An even more exciting fact is that Medlink Students is partnered with one of the best medical schools in the Caribbean that offers a graduate entry path in Medicine - Richmond Gabriel University College of Medicine (RGU).

This partnership gives us the opportunity to provide exclusive scholarships that can significantly reduce your tuition fees. In order to qualify for these scholarships, we will need to evaluate your previous academic record, and most importantly, you need to apply through Medlink Students.

Another fantastic option for a 4-year MD in the Caribbean is Ross University School Of Medicine. It's one of the "Big 4" Caribbean medical schools and is known for providing a truly comprehensive education.

You can sign up for a free consultation with one of our knowledgeable expert advisors, who can guide you towards choosing the path that is best suited for you. If you are interested in studying at RGU in the Caribbean, we will also be able to carry out a free evaluation so you can know how big of a scholarship you can earn.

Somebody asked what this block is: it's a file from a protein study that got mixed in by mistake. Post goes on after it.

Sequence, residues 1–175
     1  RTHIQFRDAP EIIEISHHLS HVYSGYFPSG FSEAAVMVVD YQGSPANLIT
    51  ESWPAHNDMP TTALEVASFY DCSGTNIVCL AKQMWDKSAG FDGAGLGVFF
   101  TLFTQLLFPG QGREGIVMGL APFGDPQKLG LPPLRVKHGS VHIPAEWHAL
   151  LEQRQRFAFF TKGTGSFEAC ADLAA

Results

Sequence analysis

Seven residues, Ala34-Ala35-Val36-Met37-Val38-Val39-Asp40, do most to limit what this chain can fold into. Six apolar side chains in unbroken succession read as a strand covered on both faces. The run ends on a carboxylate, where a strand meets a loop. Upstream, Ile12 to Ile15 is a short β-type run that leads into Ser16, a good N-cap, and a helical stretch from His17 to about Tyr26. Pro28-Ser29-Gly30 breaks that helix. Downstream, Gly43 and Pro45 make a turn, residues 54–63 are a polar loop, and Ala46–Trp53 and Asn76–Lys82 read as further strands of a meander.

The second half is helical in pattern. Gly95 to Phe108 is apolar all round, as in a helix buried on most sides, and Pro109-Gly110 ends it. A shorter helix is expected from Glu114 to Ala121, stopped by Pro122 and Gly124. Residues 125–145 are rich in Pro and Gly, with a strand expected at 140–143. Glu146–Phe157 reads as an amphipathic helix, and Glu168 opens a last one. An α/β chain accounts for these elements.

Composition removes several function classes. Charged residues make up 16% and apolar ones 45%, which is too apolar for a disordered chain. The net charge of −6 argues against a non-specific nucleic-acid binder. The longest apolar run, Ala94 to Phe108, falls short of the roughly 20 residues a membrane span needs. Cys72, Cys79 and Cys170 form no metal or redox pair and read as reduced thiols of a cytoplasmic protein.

Steps to Becoming a Medical Practitioner

So let's summarise each milestone in your future as a physician who has studied:

In Europe:

  1. Accepted into medical school
    • As an undergraduate student - 6 years
    • As a graduate student - 4 years or less
  2. Getting your MD degree
  3. Taking the PLAB/UKMLA exam
  4. Full GMC registration
  5. Speciality training - 3 to 7 years

In the UK:

  1. UCAT or BMAT exam
  2. Accepted into medical school
    • As an undergraduate student - 5 years
    • As a graduate student - 4 years
  3. Getting your MD degree
  4. Taking the UKMLA (for students who graduate in the academic year 2024-2025)
  5. Provisional GMC registration